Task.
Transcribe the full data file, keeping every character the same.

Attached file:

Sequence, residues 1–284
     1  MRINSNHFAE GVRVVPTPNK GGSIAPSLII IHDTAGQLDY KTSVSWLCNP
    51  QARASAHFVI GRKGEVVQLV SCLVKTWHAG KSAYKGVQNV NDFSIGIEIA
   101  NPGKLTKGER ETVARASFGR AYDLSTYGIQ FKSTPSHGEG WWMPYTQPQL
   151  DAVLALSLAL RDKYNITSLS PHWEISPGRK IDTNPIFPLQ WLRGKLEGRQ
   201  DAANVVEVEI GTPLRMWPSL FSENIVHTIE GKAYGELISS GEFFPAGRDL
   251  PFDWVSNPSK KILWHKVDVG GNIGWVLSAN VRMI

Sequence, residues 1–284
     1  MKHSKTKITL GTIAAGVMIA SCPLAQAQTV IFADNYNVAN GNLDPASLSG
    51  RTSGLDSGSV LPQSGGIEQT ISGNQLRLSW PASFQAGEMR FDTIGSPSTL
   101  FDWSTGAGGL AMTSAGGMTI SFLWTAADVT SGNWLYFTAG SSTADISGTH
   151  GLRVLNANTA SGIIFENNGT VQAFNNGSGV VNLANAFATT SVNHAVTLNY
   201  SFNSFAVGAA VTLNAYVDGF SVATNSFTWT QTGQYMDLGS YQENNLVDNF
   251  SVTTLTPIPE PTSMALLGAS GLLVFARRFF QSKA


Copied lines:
Sequence, residues 1–284
     1  MRINSNHFAE GVRVVPTPNK GGSIAPSLII IHDTAGQLDY KTSVSWLCNP
    51  QARASAHFVI GRKGEVVQLV SCLVKTWHAG KSAYKGVQNV NDFSIGIEIA
   101  NPGKLTKGER ETVARASFGR AYDLSTYGIQ FKSTPSHGEG WWMPYTQPQL
   151  DAVLALSLAL RDKYNITSLS PHWEISPGRK IDTNPIFPLQ WLRGKLEGRQ
   201  DAANVVEVEI GTPLRMWPSL FSENIVHTIE GKAYGELISS GEFFPAGRDL
   251  PFDWVSNPSK KILWHKVDVG GNIGWVLSAN VRMI

Sequence, residues 1–284
     1  MKHSKTKITL GTIAAGVMIA SCPLAQAQTV IFADNYNVAN GNLDPASLSG
    51  RTSGLDSGSV LPQSGGIEQT ISGNQLRLSW PASFQAGEMR FDTIGSPSTL
   101  FDWSTGAGGL AMTSAGGMTI SFLWTAADVT SGNWLYFTAG SSTADISGTH
   151  GLRVLNANTA SGIIFENNGT VQAFNNGSGV VNLANAFATT SVNHAVTLNY
   201  SFNSFAVGAA VTLNAYVDGF SVATNSFTWT QTGQYMDLGS YQENNLVDNF
   251  SVTTLTPIPE PTSMALLGAS GLLVFARRFF QSKA